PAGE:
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I had a similar experience last June. I was a week away from closing on a new house that was being built and had been invited by neighbors to dinner. I parked my Volt in the driveway of my new house and plugged into the front patio 110v outlet.

A couple of hours later a pair of cops were asking for me and accused me of the same "theft of service". Because I had not closed on the house and taken over the electric service I was in the wrong. I apologized and said that my builder would have no problem with this if they wanted to call them in the morning. (they didn't even require me transfer the power for 3 days after closing) He wasn't interested as I didn't have any written permission to do it.

In the end, after lecturing me for a bit, he did end up just giving me a warning. Was I wrong to do it? Probably. Why did I get a warning and this guy got arrested? Because, it sounds like he was a jerk to the cop and I simply said I was sorry (had to fight back quite a bit of sarcasm though)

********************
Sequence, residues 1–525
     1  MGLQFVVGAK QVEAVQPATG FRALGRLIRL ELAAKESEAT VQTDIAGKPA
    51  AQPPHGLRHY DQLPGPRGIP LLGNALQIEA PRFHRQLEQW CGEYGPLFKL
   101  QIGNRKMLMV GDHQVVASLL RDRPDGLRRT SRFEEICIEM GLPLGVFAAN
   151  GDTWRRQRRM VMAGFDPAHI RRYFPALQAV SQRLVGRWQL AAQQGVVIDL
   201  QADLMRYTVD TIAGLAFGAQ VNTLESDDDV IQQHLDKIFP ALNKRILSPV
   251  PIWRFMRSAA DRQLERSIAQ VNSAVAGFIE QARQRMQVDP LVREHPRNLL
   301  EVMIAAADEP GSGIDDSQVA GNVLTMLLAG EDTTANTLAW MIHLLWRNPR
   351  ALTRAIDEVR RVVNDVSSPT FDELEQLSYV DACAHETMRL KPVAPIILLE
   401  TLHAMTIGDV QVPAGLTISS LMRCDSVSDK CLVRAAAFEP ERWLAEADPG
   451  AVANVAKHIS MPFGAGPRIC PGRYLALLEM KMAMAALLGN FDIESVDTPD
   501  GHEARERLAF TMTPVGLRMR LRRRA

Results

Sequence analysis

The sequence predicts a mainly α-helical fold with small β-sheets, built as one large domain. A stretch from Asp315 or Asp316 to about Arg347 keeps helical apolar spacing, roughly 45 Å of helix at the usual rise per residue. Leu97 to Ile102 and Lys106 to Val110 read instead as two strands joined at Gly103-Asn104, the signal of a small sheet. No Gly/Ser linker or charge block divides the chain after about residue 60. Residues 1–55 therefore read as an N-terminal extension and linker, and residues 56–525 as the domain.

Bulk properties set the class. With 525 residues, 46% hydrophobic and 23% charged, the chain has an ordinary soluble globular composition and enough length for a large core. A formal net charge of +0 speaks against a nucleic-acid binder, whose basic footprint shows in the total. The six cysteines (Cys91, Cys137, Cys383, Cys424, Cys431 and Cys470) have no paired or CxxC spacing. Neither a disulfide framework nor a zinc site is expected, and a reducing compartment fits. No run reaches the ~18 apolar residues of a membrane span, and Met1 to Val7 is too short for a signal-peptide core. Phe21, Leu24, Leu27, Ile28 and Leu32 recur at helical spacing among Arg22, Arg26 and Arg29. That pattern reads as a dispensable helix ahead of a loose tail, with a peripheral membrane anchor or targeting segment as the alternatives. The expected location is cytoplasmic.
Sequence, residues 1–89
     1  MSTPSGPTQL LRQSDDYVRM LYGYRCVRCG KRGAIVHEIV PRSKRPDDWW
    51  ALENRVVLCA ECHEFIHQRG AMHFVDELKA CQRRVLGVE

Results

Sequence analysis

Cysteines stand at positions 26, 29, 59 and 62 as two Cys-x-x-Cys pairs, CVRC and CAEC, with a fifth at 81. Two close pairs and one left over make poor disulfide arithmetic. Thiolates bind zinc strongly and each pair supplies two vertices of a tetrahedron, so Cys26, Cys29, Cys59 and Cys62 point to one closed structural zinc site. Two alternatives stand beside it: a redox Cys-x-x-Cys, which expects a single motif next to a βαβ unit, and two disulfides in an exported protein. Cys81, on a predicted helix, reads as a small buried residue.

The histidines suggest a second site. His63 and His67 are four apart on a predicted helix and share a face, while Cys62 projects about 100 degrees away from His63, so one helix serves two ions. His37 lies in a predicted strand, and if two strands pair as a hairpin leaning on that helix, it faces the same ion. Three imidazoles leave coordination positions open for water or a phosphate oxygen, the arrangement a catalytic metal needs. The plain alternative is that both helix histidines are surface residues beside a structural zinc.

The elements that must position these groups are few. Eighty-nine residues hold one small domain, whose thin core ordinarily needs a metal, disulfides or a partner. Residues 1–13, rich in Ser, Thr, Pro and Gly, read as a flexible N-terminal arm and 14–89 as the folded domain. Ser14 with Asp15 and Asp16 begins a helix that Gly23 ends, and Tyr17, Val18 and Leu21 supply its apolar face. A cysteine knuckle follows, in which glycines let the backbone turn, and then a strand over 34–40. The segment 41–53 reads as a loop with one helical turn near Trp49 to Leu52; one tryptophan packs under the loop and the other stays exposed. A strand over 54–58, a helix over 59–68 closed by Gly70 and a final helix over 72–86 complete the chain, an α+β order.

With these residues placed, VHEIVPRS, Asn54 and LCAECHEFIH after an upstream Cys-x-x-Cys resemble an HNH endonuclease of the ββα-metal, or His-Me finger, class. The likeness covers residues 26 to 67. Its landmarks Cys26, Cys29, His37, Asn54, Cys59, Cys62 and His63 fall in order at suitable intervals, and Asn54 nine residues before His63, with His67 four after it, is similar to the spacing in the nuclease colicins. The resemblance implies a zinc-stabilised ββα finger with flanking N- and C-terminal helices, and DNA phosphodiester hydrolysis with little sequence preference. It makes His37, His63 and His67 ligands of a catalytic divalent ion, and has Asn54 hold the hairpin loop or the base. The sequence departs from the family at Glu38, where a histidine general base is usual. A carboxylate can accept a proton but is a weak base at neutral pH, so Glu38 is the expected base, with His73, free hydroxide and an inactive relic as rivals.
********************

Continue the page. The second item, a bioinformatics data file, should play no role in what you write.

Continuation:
My mistake was assuming that I could plug into a house I was paying for (had well over $12k of deposits into it) and had a good relationship with the builder. What this guy did would be similar to if I had simply plugged into one of the builder's other unfinished homes or utility posts - obviously illegal.

Moral of the story: don't steal other's stuff and/or when a cop is interviewing you, don't be a prick.
 

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My question is for the absolutists... When I visit an office for a meeting, sometimes a private company, most times a government office, I quite often plug in my cell phone or iPad if they are getting low. How is this not a theft of service? Many times the meeting is at a government facility where no one from that agency is with us at the meeting so I don't get to "ask permission." I am absolutly benefiting from the free electricity. I think the difference is, one action is expected and customary and there is a good acceptance that the cost is minimal. It is probably not as well understood that my Volt, at 6 cents per kwh in Maryland will only pull ~60 cents to fully charge and that is if I am there for the 8 hours or so it will take.